View Full Version : Daylight film with Tungsten Lights

bob carnie
3-Apr-2009, 10:42
quick question ,
I have ton's of daylight film Fujicolor pro 160C colour negative film, but I want to use hot lights (tungsten) .
Do I need to use lets say 80a filter on lens and adjust the iso to 50 . Or can I just do the correction in PS or Lightroom.

My preference is for no filter. Up till now I have been using strobe or daylight so no problems but I have this small home set up of tungsten lights and cool backgrounds that I would like to work with.

any help would be appreciated


3-Apr-2009, 10:49
Bob, I've done it with fuji 250D movie film without the 80a and correction was successful in telecine. You could put 1/2 ctb gel on the lights and do the rest in the computer. That way you don't lose 2 stops on the lens. Getting some 20"x24" gels from the movie expendables shops in your area shouldn't be a problem at about $6 u.s. each.

Helen Bach
3-Apr-2009, 14:09

It depends a lot on the quality of results that you want. The aim is, of course, to avoid underexposure and graininess in the blue-sensitive layer. The best way is to balance the lights to daylight (full CTB gels) or use an 80A or 80B (not critical with neg film) on the lens. (You end up with about the same exposure whether the filters are on the lights or the lens). This full correction maintains the usable dynamic range of the film.

The other end of the scale of options is to 'overexpose' by up to two stops, without the filter (ie the same exposure as you would give if the 80A filter was used - as if the film was rated at around ISO 40 or 50) and fix it in Photoshop. The latitude of the film should cope with the exposure of the red-sensitive layer as long as the brightness range of the subject is not too great.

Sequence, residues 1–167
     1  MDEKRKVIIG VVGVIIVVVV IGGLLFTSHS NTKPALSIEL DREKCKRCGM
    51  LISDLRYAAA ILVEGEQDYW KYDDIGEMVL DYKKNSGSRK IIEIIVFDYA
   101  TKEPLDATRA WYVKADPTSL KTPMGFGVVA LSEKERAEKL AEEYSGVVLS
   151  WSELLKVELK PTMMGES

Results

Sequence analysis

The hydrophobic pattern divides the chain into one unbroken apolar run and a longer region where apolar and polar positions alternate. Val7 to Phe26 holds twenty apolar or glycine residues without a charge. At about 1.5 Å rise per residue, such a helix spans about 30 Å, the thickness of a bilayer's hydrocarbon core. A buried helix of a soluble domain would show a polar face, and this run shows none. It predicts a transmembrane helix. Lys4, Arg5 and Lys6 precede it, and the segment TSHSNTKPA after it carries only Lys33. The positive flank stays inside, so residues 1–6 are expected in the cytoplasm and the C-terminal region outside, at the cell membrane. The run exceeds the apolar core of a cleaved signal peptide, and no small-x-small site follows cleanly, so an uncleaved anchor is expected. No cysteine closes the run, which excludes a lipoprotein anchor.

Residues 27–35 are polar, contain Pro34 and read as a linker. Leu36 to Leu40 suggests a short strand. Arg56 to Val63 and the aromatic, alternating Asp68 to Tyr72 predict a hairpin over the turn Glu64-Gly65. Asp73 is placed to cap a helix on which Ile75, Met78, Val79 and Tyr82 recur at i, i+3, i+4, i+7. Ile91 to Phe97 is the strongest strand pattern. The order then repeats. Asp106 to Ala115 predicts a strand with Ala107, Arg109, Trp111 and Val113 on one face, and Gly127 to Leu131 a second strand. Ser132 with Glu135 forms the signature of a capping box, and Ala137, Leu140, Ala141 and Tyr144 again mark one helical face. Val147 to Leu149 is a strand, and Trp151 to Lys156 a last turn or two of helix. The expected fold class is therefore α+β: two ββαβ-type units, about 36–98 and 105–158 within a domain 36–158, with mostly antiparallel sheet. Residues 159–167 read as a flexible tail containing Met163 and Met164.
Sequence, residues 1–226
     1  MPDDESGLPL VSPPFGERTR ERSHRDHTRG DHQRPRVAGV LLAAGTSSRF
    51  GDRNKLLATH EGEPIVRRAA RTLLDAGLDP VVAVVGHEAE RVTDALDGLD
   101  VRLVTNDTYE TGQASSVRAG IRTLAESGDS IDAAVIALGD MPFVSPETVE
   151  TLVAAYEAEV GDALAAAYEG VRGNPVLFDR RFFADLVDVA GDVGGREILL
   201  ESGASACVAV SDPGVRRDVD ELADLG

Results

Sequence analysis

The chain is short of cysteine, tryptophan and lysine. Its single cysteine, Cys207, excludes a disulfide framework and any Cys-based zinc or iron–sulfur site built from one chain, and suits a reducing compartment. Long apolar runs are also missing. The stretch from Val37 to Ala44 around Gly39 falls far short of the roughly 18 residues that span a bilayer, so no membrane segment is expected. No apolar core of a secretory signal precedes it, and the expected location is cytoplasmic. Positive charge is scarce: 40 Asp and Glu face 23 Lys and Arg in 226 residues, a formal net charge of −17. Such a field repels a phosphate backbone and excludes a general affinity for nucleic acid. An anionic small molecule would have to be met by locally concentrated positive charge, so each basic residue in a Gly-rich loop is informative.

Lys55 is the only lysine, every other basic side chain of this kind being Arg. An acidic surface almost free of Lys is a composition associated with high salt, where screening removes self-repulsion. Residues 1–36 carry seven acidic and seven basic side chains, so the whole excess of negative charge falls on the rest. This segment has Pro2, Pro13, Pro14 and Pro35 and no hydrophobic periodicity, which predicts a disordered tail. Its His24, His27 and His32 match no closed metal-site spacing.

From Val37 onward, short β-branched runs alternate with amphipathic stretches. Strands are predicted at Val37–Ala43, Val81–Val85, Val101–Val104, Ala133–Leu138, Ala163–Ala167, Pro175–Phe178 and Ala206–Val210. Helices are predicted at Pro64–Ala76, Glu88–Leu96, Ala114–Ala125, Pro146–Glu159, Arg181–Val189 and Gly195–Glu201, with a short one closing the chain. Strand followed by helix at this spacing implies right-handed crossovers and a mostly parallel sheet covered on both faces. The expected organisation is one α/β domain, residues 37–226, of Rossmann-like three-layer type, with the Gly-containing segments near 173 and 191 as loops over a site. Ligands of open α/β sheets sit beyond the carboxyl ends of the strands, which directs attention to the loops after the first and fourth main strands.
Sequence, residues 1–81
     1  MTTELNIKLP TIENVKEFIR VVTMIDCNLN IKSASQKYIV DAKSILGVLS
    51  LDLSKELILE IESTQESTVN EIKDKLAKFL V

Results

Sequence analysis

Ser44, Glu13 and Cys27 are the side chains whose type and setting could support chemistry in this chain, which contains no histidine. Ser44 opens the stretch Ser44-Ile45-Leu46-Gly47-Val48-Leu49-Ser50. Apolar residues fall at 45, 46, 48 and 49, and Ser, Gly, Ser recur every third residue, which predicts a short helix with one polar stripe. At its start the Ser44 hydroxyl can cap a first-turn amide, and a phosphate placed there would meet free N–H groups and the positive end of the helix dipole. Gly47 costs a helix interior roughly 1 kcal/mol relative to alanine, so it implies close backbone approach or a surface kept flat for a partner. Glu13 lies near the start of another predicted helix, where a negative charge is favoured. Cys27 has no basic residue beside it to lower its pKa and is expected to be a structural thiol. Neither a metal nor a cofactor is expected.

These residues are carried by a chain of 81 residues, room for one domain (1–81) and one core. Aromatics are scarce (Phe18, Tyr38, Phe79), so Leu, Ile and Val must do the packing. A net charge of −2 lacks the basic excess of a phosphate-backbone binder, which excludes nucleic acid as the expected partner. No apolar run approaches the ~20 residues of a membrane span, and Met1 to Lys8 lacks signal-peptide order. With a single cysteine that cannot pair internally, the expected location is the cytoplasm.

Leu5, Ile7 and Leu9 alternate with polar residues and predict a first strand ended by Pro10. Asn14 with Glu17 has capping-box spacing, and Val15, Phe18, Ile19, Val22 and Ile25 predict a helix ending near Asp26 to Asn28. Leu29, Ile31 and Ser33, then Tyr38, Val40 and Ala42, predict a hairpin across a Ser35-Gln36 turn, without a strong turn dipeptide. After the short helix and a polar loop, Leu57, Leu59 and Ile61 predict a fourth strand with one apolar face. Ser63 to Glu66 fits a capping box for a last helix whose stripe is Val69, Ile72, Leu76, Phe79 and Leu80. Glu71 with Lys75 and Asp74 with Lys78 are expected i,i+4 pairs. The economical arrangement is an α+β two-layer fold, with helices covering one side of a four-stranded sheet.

The inbetween option is to use a half CTB on the lights (or an 80C or similar on the camera), give a little extra exposure and correct in post.

If you are OK with poor detail in the shadows in the blue-sensitive layer, and in the green-sensitive layer to a lesser extent, you can simply correct in Photoshop - no extra exposure, no filters. The more exposure, the better the representation of blues in the shadows.

You can get dichroic daylight filters for many tungsten lights. These are a lot more expensive than gels, but they don't lose quite as much light. I suspect that it isn't worth getting them in this case, however.


bob carnie
3-Apr-2009, 14:39
Thanks for the responses Helen and Vinny

I am not so caught up with critical colour balance as the idea is a series of very abstract images using a vibrant colour pallette.
I will look into the gels for the lights, and not worry too much about the accuracy of colour.